It’s a scandal! There are 760 “things caused by global warming” on Numberwatch, and not even one of them makes the obvious connection between the observed decadal increase in average bra size, and the vast amounts of greenhouse gases we humans have been pumping in the atmosphere for decades.
People familiar with what happened in climate science during the last year might find Lawrence K. Altman’s NYT article “THE DOCTOR’S WORLD; When Peer Review Produces Unsound Science” of June 11, 2002 more than prescient (emphasis all mine, of course):
[…] Yet for all its acclaim, the system [of peer-review] has long been controversial. Despite its system of checks and balances, a number of errors, plagiarism and even outright fraud have slipped through it.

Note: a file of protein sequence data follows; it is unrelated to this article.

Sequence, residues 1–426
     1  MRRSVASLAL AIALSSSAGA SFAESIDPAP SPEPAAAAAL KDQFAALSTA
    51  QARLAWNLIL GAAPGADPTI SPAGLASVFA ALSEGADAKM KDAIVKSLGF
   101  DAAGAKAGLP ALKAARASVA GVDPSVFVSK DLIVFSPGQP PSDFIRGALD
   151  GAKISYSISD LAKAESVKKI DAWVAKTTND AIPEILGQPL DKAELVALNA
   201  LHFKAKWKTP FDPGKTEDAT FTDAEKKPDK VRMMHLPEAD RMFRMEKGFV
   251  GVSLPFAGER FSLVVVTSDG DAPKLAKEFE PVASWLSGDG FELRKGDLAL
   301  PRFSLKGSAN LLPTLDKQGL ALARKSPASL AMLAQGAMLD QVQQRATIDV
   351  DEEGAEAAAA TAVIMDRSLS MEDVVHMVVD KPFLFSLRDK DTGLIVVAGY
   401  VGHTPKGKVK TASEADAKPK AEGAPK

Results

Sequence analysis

[…] A particular concern is that because editors and reviewers examine only what authors summarize, not raw data, the system can provide false reassurances that what is published is scientifically sound.
[…] Researchers reported [in the “The Journal of the American Medical Association” in June 2002] considerable evidence that many statistical and methodological errors were common in published papers and that authors often failed to discuss the limitations of their findings. Even the press releases that journals issue to steer journalists to report peer reviewed papers often exaggerate the perceived importance of findings and fail to highlight important caveats and conflicts of interest.